WWII POW Ralph F. Kling Has Died, Age 95;
Led Effort for POW Monument at Miramar National Cemetery

Ralph Kling, center, celebrates dedication of the POW Monument in September 2011 with Frank Burger, right, commander of the AXPOW San Diego chapter; and Sculptor Richard Becker of Poway, left, who created the statue.

Ralph F. Kling, a fighter pilot who was shot down and captured by the Germans during World War II, died at his home 28 March 2020, at age 95.  Kling, vice commander of American Ex-Prisoners of War San Diego Chapter 1, led the effort to place the POW Monument at Miramar National Cemetery.

Entitled “Liberation”, the 12-foot bronze statue of an emaciated man in rags surrounded by barbed wire, represents the moment a POW is liberated from his prison camp.  Steve Muro, Veterans Affairs Secretary for Memorial Affairs, dedicated the monument, 16 September 2011.

“Visitors to the cemetery who see this monument will realize the sacrifice that American soldiers made to keep freedom alive around the world,” Kling said during the dedication ceremony.  “They’ll remember that the veterans buried here at Miramar gave their all, and we’re fortunate to be able to recognize them.”

“Members of our Board were fortunate to have worked closely with Ralph Kling on the placement of the POW monument at Miramar,” said Charlie Inot, President and CEO of the Miramar National Cemetery Support Foundation.  “Thanks to Ralph, the monument is now a prominent and inspirational feature of the cemetery – a stark reminder of those POWs, like him, who sacrificed so much for our nation in time of war.”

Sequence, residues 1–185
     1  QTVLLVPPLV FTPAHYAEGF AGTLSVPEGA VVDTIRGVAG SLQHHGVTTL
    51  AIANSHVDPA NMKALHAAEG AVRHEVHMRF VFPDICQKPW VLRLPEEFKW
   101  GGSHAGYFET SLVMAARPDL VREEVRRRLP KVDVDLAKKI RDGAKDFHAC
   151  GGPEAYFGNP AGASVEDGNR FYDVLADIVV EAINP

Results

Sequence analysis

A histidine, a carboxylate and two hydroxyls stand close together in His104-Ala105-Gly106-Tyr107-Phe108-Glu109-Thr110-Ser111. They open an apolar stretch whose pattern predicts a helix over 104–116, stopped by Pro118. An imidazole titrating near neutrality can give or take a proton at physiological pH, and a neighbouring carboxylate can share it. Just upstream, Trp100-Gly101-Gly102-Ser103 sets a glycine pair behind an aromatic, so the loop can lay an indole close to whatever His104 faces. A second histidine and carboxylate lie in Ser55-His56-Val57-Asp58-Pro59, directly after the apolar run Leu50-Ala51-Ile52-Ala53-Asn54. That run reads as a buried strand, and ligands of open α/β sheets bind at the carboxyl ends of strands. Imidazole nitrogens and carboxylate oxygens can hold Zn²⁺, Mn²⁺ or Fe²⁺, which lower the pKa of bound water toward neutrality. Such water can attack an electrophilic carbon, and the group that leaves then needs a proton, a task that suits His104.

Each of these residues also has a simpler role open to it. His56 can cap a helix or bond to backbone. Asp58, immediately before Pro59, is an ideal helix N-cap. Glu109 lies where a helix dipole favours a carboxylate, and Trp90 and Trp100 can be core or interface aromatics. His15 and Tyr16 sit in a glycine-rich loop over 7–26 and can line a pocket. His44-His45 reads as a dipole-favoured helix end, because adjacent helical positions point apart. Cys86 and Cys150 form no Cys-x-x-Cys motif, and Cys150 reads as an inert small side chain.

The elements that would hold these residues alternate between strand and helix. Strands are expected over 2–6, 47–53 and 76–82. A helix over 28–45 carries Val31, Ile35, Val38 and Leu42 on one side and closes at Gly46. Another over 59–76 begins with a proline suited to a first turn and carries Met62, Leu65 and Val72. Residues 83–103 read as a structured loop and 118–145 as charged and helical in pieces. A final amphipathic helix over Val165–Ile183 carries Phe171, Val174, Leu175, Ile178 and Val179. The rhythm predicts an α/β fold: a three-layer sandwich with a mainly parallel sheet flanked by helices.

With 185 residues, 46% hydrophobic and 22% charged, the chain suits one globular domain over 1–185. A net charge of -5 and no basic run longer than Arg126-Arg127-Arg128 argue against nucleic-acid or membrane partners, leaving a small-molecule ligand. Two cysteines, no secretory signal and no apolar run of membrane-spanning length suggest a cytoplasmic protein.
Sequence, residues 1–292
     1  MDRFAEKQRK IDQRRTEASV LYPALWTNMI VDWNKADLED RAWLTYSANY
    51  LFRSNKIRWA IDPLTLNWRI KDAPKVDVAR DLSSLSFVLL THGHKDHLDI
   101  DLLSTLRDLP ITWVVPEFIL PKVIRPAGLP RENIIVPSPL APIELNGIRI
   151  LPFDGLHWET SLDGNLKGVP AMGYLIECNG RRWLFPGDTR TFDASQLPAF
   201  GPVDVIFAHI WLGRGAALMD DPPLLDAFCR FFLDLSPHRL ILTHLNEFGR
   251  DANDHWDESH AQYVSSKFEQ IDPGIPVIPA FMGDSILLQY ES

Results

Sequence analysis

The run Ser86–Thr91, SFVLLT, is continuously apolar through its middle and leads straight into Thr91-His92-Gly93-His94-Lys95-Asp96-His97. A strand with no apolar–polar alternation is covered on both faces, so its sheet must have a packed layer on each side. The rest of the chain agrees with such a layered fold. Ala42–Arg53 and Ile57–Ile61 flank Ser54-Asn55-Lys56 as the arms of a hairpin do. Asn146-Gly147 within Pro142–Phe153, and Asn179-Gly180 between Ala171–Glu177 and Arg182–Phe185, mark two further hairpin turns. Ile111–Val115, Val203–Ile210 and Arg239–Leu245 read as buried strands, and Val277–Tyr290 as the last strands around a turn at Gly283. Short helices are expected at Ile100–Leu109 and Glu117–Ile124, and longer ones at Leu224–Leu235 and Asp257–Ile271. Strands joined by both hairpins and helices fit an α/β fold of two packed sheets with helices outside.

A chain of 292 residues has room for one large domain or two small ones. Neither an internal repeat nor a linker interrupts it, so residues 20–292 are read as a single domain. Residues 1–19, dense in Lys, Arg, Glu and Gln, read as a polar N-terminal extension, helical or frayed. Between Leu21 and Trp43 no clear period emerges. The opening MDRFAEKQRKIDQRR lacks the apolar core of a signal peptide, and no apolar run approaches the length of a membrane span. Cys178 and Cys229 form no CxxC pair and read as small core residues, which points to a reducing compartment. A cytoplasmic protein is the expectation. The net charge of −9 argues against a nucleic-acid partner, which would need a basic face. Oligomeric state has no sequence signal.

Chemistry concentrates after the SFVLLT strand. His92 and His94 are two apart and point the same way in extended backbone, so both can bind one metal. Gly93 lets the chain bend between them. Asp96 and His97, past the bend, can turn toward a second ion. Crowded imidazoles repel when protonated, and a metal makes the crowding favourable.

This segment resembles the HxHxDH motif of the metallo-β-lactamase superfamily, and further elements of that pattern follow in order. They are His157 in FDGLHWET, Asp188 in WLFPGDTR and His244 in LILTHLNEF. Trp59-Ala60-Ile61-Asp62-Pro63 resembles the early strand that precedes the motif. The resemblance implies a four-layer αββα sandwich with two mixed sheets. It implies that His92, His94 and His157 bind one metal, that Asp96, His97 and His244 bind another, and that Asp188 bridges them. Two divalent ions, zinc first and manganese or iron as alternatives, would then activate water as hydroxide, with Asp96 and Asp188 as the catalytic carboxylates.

Ralph F Kling

Kling was born in Mead, Neb., 27 August 1924, and moved with his family to California’s central valley when he was four years old.  He attended UC Berkeley for a short while before he and his twin brother, Roger, joined the Army Air Corps.  He married his wife of 76 years, Irene, shortly before shipping out to Europe.

Kling flew a P-47 Thunderbolt – named “Poppy” for California’s state flower – with the 365th Fighter Group, supporting General George Patton’s army in Normandy.  On his 68th mission, his plane was strafed and caught fire, badly burning him before he could parachute out.  Captured by the Germans, he was held at Stalag Luft III.  Before liberation, his group was marched for three days and nights without food or water.

Following the war, Kling began a 35-year career in education.  He was principal of Fremont Union High School in Sunnyvale for more than 11 years.  He remained active in the Air Force Reserve, and served as AXPOW regional director and vice commander of the San Diego chapter.  Services and burial at Miramar National Cemetery will be held after the COVID-19 pandemic subsides.

Kling is survived by his wife, Irene, two daughters, two grandsons, and six great-grandchildren; and his twin brother, Roger Kling, of Turlock, Calif.

By Bill Heard

MNC Support Foundation PIO

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